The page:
a clarification on May 28.  The written statement that was 
read by a church official said in part that the May 26 
statement "was made with the purpose of diffusing a difficult 
situation."  It continued that "(i)t does not mean that the 
problem is over.  The situation remains serious and 
explosive.  We think that the authorities should take 
 
TBILISI 00000979  002 OF 002 
 
 
effective steps to deuse tension either through early 
elections, negotiations, or other means."  The 
n
on-parliamentary opposition viewed the statement as a great 
victory saying it meant the Patriarch supported new 
presidential elections.  The GoG which had remained mum on 
the Patriarch's May 26 statement simply reiterated its 
commitment to dialogue while ruling out pre-term presidential 
or parliamentary elections.  MoIA contacts had indicated to 
Poloff as early as May 26 that they were surprised by such a 
strong statement by the Patriarch, and that anti-Saakashvili, 
anti-Western hard-liners in the Patriarchate were already 
working to issue some sort of counter-statement.  The same 
contacts said in their view the recent statement represented 
an internal church struggle coupled with a desire to be seen 
as neutral rather than support for the non-parliamentary 
opposition.  (Embassy Note:  Georgian Embassy employees seem 
to believe the Patriarch's initial statement during his 
service carries more weight among the public than the written 
statement issued on May 28.  End Comment.) 
 
Usupashvili Warns of Radicalism - Explains Paralysis 
 
5.  (C)  Republican Party leader David Usupashvili met with 
the DCM to discuss the current state of affairs in the 
non-parliamentary opposition.  He described the decision 
making mechanism as exhausting with Burjanadze leading the 
call for more radical actions.  Usupashvili told the DCM he 
feared what Burjanadze's ultimate intentions were. 
Usupashvili said his role (with some others) was to try to 
moderate the radicals to avoid violence or even create the 
potential for violence.  Usupashvili described the meetings 
as a constant fight among the groups with a version of the 
status quo generally prevailing.  He admitted that as time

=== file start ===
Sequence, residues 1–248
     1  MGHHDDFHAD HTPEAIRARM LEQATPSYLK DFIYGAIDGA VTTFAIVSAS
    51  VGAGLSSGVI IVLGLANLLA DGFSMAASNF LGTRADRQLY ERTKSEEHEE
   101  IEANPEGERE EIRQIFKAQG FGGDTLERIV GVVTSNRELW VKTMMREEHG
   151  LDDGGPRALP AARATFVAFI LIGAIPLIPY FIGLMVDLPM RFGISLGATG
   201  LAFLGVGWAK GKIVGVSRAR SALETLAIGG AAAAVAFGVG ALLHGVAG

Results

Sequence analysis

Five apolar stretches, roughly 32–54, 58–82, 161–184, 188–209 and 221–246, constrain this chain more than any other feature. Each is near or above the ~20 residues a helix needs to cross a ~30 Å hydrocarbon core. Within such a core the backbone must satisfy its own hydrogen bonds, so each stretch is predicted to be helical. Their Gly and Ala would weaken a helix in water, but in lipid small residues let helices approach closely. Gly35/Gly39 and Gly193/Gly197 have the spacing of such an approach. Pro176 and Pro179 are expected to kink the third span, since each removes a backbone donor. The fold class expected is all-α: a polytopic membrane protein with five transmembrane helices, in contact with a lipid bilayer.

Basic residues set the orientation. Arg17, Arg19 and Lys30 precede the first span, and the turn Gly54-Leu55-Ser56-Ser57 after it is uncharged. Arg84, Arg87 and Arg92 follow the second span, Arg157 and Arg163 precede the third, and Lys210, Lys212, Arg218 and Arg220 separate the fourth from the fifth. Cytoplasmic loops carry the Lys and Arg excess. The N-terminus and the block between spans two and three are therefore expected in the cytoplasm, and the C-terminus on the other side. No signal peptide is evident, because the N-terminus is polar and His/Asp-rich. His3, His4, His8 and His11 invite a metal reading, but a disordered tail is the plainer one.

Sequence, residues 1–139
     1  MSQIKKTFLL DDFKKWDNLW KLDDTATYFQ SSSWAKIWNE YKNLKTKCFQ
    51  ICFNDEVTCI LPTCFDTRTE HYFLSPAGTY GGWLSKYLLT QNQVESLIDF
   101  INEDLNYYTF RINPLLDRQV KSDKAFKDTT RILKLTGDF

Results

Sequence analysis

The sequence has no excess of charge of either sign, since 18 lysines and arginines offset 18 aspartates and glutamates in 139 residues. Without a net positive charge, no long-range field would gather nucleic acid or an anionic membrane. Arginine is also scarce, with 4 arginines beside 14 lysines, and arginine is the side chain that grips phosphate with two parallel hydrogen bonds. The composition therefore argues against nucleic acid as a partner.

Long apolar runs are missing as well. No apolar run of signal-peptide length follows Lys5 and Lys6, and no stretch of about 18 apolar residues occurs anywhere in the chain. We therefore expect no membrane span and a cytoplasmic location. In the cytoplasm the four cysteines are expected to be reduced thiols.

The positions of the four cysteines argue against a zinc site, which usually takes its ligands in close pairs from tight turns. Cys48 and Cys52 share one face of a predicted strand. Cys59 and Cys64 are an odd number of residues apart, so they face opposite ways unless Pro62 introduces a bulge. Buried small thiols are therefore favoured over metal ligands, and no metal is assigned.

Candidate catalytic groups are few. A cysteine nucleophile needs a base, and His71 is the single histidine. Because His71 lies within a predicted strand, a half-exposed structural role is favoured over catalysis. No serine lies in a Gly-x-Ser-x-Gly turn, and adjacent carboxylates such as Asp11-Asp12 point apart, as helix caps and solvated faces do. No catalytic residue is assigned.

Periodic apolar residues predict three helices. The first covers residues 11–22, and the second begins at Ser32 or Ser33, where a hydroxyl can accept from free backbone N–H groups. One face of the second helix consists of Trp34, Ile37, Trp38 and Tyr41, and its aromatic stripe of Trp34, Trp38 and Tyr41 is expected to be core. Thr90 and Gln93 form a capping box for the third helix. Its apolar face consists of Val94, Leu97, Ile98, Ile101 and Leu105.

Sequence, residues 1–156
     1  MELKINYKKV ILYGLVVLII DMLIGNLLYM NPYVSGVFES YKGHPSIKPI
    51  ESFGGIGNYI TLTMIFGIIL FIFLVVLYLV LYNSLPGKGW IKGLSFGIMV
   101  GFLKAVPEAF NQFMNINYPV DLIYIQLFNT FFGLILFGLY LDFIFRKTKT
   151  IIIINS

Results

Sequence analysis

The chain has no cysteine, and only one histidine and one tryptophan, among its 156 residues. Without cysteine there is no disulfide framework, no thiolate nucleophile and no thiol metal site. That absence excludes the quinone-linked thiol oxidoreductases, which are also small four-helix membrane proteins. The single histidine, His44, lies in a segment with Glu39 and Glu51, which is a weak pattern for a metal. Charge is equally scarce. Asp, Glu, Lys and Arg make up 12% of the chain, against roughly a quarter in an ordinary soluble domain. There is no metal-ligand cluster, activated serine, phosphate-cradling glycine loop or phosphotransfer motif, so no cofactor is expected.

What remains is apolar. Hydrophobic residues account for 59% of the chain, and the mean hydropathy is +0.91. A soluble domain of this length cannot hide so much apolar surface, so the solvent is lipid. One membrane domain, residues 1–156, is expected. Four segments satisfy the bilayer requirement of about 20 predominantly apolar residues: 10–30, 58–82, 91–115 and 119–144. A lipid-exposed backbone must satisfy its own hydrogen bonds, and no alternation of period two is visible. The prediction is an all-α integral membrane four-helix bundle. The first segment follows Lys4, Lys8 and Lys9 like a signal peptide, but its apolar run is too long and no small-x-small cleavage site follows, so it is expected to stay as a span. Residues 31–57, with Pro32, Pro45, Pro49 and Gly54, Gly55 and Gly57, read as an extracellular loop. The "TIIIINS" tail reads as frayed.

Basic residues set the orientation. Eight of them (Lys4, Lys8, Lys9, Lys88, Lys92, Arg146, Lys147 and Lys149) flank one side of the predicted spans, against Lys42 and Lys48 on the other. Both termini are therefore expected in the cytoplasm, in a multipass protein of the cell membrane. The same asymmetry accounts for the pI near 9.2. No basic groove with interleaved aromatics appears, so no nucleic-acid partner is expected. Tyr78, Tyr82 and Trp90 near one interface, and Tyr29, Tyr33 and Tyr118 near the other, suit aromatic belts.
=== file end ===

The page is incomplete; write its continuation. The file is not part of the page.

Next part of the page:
passed and more moderate actions did not achieve results, the 
radicals were gaining the upper hand.  Usupashvili told the 
DCM that they were losing control of an increasingly radical 
crowd.  He said the decision was made to block railroad 
tracks because the crowd was ready for violence on May 26. 
Usupashvili said he called Speaker Bakradze to explain the 
situation and urged Bakradze to allow them to simply "blow 
off some steam" and not respond.  Usupashvili said the 
non-parliamentary opposition never discussed any overall 
strategic plans, simply the day's tactics.  He indicated that 
a major reason the National Forum left the group was because 
its leaders were tired over arguing with Burjanadze, Beselia, 
Zourabichvili and other radicals over tactics.  Usupashvili 
said that the National Forum's departure and Alasania 
distancing himself from the group had strengthened the hard 
liners. 
 
6.  (C)  Usupashvili seemed unclear himself as to what to do 
next.  He said Alasania was speaking with Bakradze but was 
not privy as to exactly what was occurring with his so called 
political ally.  Usupashvili indicated that Alasania was 
naive to think that Saakashvili would not try to destroy him 
if he left the non-parliamentary group.  He added that if 
Alasania ran for Tbilisi mayor, the non-parliamentary 
opposition would run multiple candidates to try to ensure he 
never got the position.  Usupashvili agreed that his natural 
position was not among the radicals but rather with Alasania 
in moderate opposition.  Despite this acknowledgment, he said 
he had little choice other than to ride the situation out. 
Usupashvili said increasing radicalism among the group meant 
a crossroads could come quickly.  As far as GoG dialogue, 
Usupashvili last discussed specifics with Bakradze before May 
QUsupashvili last discussed specifics with Bakradze before May 
26.  Usupashvili said parliamentary elections within the year 
was the minimum demand in which he could break and begin 
negotiations.  Bakradze indicated that the GoG would not 
discuss the issue within the next 6 months and was only 
offering dialogue with a possibility of early parliamentary 
elections in the future.  Usupashvili said Gachechiladze and 
others were boxed into a similar holding pattern.  He 
explained that the protesters would not be satisfied with 
anything less than new parliamentary elections and would 
likely be disappointed at that.  (Embassy Comment: 
Usupashvili is probably correct; however, he did not care to 
discuss his and the other non-parliamentary opposition's own 
role in raising said expectations to unrealistic heights. 
End Comment.)  Apart from the decision making process which 
tends to maintain the status quo, Usupashvili said many 
simply wanted to keep the protests going for fear of MoIA 
reprisals if they stopped.  Usupashvili appeared tired, 
dispirited, and philosophic, tending to portray himself as an 
unfortunate victim of circumstance.  He indicated that he was 
still ready to pursue dialogue but that talks between him and 
Bakradze were at an impasse. 
TEFFT